Museums’ Importance in the Growing World of Tech

Museums have had a place in society for centuries as a place to house information. The word museum has been applied to many concepts varying from places dedicated to philosophical discussion in ancient Rome, to curio collections, and finally to collections of art and literature that were of value to scholars. In modern years, the word has come to represent an institution with an aim to provide an education for the public.

Recently however with the incredible wealth of information available through the internet, museums have to find a way to evolve with the people that walk through the door. There needs to be more of a reason for tourists to stop by than to simply check something off a list of things to do.

Now, art museums will always be important for art students and scholars, but it’s getting harder for them to reach the vast majority of those who don’t fit into either category. There’s often a level of stuffiness surrounding the viewing of art in a museum setting, the viewer feels pressured to understand and like it for the sole reason that it’s hanging before them, and there’s very little room for creating a dialogue about the art. After all, it’s not like the curators are hanging out in the galleries to talk to everyone about why they believe that each individual work is important enough to be on the wall, and audio guides and catalogues can only help so much.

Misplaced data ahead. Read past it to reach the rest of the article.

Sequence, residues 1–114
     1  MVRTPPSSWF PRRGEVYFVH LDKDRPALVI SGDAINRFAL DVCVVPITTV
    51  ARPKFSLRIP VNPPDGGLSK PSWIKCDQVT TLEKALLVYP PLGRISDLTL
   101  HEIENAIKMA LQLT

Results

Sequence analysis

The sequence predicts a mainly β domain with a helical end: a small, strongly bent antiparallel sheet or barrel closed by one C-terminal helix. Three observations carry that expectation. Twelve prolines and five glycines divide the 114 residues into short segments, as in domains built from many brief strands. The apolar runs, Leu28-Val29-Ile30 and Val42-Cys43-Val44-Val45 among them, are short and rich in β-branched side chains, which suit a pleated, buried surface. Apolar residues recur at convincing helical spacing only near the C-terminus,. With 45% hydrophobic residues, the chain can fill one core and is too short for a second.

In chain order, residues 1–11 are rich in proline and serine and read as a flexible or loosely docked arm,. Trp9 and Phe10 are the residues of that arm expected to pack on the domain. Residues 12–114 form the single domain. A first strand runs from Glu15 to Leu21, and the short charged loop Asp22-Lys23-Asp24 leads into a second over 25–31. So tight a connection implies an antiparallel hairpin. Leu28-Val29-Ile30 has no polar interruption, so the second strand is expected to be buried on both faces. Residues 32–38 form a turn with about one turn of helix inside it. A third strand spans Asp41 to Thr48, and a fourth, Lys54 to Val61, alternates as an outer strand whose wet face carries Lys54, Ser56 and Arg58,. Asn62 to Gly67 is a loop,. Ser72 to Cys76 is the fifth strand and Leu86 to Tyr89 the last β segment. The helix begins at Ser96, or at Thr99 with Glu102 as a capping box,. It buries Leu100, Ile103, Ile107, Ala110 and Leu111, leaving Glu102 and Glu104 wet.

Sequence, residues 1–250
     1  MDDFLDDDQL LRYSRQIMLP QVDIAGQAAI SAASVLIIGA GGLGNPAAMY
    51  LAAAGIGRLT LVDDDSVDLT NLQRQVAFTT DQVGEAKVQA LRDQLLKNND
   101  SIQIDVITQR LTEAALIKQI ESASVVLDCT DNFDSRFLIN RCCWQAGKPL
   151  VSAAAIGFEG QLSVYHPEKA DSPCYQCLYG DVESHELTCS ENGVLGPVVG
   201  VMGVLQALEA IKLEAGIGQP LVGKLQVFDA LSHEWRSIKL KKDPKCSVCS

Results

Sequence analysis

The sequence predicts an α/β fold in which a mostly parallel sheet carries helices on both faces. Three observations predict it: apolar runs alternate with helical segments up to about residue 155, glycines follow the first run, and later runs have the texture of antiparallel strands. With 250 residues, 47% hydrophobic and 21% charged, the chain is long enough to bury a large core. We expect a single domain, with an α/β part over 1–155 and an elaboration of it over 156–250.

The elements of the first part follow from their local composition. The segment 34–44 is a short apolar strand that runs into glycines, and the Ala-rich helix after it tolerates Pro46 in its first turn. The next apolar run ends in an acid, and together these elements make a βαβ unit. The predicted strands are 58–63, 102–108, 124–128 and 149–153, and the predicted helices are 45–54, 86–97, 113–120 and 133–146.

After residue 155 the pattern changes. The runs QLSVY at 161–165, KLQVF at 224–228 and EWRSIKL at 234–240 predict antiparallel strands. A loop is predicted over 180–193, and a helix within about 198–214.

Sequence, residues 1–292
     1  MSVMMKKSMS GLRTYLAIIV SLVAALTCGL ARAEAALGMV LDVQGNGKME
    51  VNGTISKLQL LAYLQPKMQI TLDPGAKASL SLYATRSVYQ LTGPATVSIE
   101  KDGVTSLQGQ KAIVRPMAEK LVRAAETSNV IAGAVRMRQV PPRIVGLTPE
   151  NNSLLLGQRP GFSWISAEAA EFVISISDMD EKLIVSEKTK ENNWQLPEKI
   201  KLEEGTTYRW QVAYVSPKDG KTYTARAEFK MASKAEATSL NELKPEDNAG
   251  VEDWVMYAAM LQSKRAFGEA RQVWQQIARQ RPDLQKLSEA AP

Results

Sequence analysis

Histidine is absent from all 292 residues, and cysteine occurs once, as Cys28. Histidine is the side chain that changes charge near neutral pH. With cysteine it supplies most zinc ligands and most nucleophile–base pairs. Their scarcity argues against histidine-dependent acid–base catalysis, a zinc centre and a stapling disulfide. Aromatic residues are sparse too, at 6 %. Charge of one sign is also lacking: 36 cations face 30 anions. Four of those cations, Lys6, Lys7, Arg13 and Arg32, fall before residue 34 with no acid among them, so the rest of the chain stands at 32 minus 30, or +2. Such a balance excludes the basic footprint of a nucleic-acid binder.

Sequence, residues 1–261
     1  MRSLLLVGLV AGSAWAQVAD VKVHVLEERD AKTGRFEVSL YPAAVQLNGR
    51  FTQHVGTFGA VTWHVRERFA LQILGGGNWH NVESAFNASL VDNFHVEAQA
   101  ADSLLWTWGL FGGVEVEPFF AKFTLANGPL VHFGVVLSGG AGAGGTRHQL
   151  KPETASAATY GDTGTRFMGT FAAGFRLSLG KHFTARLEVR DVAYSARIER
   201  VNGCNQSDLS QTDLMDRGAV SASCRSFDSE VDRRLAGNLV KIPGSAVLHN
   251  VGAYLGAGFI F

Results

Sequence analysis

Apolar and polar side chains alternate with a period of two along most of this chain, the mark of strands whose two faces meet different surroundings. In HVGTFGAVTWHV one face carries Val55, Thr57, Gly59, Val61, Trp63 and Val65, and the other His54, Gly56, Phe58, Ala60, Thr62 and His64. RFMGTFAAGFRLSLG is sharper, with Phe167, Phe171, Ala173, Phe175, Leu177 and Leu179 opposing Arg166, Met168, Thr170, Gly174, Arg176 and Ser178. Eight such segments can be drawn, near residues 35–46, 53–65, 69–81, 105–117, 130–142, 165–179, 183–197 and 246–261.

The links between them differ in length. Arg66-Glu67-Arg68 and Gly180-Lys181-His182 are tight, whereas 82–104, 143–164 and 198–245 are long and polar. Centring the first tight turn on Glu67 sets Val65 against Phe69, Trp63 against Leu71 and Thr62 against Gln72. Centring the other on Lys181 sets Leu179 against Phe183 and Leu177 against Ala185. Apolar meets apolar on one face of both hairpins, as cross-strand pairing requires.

Out of the museums that I have visited recently, I have to say my visit to the MoMA was the most immersive and educating, despite the Met being my absolute favorite place on Earth. The MoMA had a gallery talkback session that I happened to stumble into, and the attendants I spoke to were excited to be there, whereas at others I’ve found them much more cold and uninviting. In addition, the exhibitions had a variety to them that made each piece new and interesting. The stuffiness was more of a scent in the air rather than the fog it usually is, and I think they’re really onto something there.

I don’t have all the answers and I’ll be the first to admit it, especially when it comes to what I love. However, I do believe much more can be done to change the environments of these long-esteemed institutions to help keep it that way. What if we took notes from the Ancient Romans, and used these institutions where conversation is fostered, where people come to question, and ultimately learn from what they see in front of them? What if we took a look at what drew people to those curios collections and replicate that same feeling? It’s absolutely possible, and at this point bordering on necessary.